When you look at the DualShock 3, the thumbstick always wants to be centered, i.e. when you release pressure on the stick it re-centers. This is exactly what the Flex-Fire does. This has multiple benefits; the most remarkable is that a player can move the signal into the deadzone by bending the barrel, then by releasing the pressure, the Flex-Fire recenters and the cursor stops. This reduces the over correction that I’m sure you all are aware of. Instead of trying to figure out where to stop the crosshairs when you’re running around, you just point the gun at the center of the screen and whenever you want to stop the cursor, you just relax and it will stop your movement. Also because the Flex-Fire always wants to re-center, you can make micro adjustments to the Move controller signal.

Make up for calibration issues
Anyone who has used the Move seriously is aware that calibration can get out of whack from time to time. The Flex-Fire lets you make up for mis-calibration by bending the flex. That lets you finish the level or wait until you get to a safe place to recalibrate.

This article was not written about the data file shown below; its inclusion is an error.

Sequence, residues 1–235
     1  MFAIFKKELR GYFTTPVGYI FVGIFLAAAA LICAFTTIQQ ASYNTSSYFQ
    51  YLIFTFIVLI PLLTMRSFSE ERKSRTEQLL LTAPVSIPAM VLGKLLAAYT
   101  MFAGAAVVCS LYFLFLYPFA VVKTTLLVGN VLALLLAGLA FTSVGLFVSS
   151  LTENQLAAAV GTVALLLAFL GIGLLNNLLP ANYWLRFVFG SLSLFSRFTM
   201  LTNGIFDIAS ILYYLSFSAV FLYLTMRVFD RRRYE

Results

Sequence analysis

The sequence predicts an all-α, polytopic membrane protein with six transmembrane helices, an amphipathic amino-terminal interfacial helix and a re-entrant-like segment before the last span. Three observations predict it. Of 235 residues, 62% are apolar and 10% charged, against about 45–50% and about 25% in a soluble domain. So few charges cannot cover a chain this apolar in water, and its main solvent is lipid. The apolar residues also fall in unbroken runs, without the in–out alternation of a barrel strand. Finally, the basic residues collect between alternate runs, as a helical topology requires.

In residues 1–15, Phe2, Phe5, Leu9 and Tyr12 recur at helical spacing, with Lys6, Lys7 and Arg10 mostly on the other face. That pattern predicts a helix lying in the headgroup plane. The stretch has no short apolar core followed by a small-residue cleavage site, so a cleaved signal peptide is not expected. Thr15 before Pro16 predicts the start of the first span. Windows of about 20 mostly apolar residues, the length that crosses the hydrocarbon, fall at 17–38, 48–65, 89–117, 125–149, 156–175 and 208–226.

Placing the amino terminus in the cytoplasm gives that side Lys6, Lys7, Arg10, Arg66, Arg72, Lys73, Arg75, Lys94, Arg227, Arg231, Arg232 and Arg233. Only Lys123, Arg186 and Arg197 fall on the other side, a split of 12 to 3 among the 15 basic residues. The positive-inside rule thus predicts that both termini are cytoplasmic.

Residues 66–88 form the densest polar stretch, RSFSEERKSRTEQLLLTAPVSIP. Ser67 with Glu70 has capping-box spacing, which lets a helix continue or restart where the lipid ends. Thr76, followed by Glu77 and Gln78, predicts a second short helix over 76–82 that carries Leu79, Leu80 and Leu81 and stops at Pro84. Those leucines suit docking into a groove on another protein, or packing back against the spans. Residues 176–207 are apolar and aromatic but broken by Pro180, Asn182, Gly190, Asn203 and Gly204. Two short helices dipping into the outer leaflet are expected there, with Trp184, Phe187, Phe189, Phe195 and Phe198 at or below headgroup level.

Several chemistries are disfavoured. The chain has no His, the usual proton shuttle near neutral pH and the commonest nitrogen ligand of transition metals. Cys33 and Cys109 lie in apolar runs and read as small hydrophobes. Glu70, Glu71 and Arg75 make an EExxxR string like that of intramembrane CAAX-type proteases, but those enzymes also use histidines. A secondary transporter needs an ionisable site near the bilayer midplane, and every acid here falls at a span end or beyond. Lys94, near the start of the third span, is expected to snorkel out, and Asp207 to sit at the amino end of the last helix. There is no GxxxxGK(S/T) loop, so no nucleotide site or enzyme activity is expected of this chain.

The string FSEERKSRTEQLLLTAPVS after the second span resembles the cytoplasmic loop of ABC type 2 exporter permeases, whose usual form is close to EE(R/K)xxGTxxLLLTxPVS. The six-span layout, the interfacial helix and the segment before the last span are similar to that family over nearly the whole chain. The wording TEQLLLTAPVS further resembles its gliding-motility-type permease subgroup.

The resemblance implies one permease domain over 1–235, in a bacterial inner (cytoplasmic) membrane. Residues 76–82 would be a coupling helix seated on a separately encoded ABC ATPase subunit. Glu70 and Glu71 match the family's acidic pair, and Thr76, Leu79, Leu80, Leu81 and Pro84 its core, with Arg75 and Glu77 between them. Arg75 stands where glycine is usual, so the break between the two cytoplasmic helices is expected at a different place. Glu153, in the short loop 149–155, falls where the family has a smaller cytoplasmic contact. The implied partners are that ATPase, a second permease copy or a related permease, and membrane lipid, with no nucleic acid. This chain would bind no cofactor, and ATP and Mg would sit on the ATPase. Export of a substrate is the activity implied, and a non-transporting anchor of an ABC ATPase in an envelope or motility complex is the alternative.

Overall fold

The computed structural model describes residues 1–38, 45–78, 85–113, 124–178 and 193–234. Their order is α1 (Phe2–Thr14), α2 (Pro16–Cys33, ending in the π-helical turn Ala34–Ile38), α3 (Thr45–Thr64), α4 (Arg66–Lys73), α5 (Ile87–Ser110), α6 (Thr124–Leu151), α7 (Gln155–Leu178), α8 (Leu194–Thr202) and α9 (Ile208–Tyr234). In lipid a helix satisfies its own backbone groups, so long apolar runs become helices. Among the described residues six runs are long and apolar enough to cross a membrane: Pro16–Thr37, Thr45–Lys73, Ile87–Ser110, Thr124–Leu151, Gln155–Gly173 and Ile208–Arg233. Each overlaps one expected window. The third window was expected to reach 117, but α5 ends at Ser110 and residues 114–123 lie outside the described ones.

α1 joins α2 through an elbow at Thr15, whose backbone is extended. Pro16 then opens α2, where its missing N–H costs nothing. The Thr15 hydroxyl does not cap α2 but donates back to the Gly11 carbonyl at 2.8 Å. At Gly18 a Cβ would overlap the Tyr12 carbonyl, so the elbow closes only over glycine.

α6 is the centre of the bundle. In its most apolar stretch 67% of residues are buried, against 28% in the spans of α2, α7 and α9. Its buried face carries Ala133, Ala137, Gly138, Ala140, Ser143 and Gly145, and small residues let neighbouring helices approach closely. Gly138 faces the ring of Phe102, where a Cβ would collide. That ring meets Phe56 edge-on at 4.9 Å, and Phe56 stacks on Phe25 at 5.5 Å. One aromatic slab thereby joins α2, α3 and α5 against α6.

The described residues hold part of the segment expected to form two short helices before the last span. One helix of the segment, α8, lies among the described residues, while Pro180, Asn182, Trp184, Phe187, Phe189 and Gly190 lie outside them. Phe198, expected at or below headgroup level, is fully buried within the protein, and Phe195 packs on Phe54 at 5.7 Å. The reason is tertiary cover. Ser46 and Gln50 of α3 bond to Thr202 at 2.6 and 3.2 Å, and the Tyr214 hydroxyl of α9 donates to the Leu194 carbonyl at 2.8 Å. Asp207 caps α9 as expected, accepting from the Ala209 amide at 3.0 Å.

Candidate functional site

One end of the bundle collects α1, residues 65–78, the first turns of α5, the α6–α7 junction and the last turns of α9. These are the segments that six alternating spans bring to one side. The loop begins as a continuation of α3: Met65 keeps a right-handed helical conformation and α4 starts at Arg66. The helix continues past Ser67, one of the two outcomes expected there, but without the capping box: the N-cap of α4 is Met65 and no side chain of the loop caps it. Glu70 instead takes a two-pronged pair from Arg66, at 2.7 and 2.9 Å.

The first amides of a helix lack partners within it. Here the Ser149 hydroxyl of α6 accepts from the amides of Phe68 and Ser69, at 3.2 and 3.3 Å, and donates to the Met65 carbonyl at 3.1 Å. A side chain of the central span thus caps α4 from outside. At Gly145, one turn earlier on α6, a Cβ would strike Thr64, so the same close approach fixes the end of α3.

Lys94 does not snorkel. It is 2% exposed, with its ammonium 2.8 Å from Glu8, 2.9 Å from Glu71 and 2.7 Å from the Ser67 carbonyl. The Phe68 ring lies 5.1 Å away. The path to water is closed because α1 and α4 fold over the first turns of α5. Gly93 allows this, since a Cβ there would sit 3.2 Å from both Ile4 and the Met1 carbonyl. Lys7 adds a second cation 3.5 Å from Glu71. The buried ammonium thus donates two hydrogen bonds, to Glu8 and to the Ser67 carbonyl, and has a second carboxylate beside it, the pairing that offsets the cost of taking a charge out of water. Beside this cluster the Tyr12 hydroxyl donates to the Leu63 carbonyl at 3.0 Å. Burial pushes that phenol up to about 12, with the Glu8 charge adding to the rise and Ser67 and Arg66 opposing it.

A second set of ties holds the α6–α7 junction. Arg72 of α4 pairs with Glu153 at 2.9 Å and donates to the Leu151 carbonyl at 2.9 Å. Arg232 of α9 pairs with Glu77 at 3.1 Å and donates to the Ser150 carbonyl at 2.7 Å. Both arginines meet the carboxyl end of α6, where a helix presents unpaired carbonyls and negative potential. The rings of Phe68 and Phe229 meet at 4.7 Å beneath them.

MM: Once you decided on a final design, what challenges did you have to overcome to make Flex-Fire become a reality?

Adam Wickam: Having a 3D model of the product is a feat in itself, but there have been many challenges between then and today. The 3D model was used to make an injection mould tool set. From there we made the first injection moulded Flex-Fires. These were the units I brought to E3 2010. From there we went through many rounds of tooling changes to make the Flex-Fire’s mechanically tight and robust. We also added textures, which is the final step.

E3's booth babes love Flex-Fire too

I would just like to say the Flex-Fire is a controller system, and although it looks like a gun, it is first a tool and second a gun attachment.

Marketing to a generation that doesn’t necessarily want to accept motion controls is a challenge. Also we are competing with Sony directly as they have the Sharp Shooter. Gamers are attracted to the buttons on the Sharp Shooter. If you look at the real reason the SS has the mapped buttons, it’s because they have the Nav controller up front. Without the mapped buttons, the buttons on the Motion controller can’t be accessed. For me the SS doesn’t feel like a gun once the Nav is incorporated. Flex-Fire doesn’t have that issue because the Nav is in the pistol grip. All the buttons are easily accessed on the Flex-Fire.